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Film Review: Strange But True is an ambitious neo-noir thriller

October 16, 2019

When Rowan Athale‘s ambitious neo-noir thriller Strange But True opens on the sight of a panicked Nick Robinson running from an unseen threat – with a broken leg, of all things – there’s an immediate sense of intrigue that settles in. Just what he is running from is gradually revealed when the film takes us […]

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Film Review: Judy is as heartbreaking as it is joyous

October 11, 2019

There’s at least one Oscar-grab movie released every year designed with the intent on pushing its lead performer to the front of the nominee queue.  Judy appears to be that movie for 2019.  And that’s certainly not a criticism against the film as it’s a fine biopic in its own right, but Renee Zellweger‘s dedicated […]

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Paul Feig is coming to Australia to promote his George Michael inspired feature Last Christmas

October 10, 2019

Christmas comes early this year as director Paul Feig has been announced to tour Australia to unveil his new romantic comedy, Last Christmas. Universal Pictures announced today that the director will visit Sydney and Melbourne between November 4th and 6th, 2019 for a series of press opportunities. Feig is a writer, producer and director whose […]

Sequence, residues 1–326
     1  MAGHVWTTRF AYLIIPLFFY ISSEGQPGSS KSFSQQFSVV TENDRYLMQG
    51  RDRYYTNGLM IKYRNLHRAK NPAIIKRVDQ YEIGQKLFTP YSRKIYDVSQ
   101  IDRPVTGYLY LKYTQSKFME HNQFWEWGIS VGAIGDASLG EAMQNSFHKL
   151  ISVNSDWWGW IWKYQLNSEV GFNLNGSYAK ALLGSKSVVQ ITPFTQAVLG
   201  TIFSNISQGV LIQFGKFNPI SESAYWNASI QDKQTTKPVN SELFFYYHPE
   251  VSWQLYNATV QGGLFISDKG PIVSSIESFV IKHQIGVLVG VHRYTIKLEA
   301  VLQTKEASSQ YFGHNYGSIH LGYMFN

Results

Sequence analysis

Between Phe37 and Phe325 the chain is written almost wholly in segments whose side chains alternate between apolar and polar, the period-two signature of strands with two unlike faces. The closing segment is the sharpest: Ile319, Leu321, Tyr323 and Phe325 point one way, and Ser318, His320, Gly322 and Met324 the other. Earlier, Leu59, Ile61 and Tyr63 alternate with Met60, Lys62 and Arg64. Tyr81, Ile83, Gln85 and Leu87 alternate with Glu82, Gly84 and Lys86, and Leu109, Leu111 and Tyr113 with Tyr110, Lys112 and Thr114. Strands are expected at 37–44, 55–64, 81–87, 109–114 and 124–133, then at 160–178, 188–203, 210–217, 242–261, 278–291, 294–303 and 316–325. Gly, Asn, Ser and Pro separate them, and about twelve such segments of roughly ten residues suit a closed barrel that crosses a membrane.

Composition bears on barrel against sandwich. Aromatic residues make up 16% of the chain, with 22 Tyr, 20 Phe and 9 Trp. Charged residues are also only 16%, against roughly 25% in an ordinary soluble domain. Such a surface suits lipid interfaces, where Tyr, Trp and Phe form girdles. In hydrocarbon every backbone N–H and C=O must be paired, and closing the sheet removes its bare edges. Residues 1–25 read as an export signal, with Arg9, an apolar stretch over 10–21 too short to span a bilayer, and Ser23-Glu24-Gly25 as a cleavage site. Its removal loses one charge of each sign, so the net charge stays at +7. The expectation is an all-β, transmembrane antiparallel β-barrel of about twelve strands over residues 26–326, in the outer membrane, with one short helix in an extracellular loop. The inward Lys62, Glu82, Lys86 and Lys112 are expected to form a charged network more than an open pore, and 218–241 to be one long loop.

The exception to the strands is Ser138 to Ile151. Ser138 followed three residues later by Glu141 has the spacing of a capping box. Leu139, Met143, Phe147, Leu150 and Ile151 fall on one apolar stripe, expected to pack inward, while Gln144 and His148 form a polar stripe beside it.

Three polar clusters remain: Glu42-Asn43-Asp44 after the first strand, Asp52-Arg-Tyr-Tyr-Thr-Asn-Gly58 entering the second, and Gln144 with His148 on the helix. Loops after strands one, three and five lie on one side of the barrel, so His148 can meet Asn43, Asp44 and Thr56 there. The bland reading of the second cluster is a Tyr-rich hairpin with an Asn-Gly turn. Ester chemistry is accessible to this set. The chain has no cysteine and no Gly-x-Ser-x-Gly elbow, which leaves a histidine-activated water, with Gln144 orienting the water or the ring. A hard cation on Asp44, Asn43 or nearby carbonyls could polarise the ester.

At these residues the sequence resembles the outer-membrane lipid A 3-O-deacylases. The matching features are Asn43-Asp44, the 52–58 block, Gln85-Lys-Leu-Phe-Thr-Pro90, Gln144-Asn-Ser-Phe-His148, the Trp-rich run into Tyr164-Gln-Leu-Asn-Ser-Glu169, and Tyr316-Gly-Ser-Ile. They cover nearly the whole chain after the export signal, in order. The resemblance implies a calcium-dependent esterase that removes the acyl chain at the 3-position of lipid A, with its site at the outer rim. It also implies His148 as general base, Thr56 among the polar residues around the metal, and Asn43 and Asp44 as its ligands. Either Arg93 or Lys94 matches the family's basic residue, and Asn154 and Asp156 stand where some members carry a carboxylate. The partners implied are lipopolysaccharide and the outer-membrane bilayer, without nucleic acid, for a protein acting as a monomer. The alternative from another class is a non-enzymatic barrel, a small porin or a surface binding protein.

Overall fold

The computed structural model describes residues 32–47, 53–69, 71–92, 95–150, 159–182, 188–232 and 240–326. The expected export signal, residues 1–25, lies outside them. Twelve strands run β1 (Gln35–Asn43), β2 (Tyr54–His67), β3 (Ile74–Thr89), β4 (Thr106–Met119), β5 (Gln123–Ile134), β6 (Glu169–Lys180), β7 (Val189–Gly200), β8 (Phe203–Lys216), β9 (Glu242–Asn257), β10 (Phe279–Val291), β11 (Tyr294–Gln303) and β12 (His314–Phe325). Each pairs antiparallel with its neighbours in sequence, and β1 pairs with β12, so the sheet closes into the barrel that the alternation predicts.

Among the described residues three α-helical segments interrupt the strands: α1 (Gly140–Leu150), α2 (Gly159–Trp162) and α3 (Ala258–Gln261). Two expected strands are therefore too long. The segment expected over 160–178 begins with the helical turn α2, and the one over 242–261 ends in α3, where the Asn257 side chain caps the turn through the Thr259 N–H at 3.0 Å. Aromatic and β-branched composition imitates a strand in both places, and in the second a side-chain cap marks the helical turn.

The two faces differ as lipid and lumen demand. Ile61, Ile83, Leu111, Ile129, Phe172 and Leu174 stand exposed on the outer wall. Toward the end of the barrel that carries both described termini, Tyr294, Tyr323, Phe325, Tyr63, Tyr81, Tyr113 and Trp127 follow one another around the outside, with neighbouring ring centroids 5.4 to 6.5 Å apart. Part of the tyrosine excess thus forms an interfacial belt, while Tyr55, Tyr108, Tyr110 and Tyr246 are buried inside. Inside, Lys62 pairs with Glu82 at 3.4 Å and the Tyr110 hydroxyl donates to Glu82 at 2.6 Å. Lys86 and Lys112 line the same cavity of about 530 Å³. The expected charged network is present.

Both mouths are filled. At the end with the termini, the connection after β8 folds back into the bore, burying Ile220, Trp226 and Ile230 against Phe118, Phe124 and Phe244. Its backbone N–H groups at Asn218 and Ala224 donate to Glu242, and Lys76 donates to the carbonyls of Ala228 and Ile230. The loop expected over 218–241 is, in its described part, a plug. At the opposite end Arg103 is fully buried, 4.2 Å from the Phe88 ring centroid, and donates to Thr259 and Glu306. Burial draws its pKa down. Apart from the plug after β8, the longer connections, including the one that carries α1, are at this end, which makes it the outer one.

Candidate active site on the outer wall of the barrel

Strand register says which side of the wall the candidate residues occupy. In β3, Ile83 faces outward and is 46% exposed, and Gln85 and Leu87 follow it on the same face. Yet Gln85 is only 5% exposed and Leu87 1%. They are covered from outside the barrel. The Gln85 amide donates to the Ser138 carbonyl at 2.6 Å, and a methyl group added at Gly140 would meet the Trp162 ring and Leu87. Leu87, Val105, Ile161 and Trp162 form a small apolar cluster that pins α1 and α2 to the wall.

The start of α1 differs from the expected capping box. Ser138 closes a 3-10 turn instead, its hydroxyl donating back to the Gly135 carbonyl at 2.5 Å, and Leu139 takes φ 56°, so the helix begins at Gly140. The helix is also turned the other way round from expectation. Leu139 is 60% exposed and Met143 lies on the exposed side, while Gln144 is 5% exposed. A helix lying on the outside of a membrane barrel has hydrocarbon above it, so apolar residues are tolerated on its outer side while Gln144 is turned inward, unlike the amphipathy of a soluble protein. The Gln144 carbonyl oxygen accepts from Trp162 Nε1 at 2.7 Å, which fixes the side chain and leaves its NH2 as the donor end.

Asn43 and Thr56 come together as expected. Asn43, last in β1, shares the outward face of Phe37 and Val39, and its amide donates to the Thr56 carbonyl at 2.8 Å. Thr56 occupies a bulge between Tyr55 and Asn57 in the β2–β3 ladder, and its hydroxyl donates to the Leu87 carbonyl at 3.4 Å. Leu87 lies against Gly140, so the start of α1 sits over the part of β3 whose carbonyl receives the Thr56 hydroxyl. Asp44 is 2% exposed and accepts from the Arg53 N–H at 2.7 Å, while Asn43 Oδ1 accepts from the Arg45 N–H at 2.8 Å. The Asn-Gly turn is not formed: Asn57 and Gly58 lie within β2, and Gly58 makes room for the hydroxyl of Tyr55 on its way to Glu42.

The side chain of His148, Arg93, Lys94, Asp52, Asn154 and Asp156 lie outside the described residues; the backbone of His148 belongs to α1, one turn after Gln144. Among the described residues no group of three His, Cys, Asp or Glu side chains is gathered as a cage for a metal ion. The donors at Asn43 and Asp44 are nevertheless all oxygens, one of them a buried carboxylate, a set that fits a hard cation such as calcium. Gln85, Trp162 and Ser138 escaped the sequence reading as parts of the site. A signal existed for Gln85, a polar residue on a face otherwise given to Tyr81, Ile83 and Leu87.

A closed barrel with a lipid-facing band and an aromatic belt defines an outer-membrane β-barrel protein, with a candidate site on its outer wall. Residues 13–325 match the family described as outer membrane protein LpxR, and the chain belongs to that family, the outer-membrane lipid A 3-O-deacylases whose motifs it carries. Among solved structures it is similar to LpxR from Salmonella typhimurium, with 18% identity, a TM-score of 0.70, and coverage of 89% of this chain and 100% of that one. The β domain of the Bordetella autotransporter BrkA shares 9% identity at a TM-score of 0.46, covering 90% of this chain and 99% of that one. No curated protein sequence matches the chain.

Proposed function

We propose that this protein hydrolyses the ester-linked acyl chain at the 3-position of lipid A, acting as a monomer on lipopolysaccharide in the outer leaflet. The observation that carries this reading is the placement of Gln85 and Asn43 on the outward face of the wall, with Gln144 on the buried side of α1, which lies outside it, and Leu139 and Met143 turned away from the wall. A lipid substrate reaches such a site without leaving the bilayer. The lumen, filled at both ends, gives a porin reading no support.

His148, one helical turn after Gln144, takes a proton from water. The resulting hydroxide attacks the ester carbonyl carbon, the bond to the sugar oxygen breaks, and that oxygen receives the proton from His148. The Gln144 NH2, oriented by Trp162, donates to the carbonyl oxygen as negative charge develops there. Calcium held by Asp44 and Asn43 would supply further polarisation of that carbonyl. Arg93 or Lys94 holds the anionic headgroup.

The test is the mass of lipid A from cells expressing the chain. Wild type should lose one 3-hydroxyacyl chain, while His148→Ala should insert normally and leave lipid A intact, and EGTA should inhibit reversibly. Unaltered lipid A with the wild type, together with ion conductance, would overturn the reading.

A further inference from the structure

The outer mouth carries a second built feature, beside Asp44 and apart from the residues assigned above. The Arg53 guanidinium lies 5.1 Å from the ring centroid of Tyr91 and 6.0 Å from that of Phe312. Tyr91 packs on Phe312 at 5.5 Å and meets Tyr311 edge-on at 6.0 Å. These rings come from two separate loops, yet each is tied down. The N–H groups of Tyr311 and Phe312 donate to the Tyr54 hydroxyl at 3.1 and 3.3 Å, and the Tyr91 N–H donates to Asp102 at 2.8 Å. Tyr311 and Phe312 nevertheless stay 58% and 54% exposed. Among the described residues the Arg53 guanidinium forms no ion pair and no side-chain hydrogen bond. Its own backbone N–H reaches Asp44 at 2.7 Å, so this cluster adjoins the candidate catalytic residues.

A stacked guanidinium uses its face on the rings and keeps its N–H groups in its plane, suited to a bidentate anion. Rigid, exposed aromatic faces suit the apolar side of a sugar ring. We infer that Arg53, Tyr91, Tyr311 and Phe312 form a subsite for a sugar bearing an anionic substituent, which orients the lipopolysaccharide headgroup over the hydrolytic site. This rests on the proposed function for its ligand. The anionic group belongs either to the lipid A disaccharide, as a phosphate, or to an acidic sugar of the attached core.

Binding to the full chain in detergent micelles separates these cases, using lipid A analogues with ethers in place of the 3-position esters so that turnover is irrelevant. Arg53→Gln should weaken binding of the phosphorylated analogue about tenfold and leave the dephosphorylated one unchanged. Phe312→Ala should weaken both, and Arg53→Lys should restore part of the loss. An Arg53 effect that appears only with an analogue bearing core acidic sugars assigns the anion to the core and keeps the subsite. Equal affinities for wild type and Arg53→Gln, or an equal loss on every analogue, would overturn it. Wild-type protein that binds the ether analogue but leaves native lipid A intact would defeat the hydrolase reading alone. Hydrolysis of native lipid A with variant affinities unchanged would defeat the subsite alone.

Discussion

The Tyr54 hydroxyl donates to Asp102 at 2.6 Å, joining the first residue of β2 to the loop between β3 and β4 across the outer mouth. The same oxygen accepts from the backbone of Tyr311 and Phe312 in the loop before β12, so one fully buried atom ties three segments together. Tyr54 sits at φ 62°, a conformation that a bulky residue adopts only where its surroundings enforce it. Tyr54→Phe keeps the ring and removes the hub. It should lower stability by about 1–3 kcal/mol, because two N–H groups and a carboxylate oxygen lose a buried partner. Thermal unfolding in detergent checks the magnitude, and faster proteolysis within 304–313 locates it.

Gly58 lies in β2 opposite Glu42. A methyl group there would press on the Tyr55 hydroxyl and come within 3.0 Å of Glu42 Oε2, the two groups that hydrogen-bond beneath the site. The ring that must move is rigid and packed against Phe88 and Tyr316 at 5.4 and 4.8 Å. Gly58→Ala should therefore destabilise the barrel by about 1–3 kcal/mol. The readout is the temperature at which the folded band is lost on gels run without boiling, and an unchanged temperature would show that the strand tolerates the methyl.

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Renee Zellweger to visit Australia for Judy in October

September 25, 2019

Shout hallelujah c’mon get happy because Renee Zellweger is coming to Australia! Universal Pictures has announced that the Academy Award winning actress will visit Melbourne and Sydney this October to celebrate the highly anticipated release of Judy, the Judy Garland biopic from Rupert Goold. Zellweger’s portrayal of the legendary star has been widely predicted by […]

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Film Review: The Dead Don’t Die is disappointingly void of humour and scares

September 24, 2019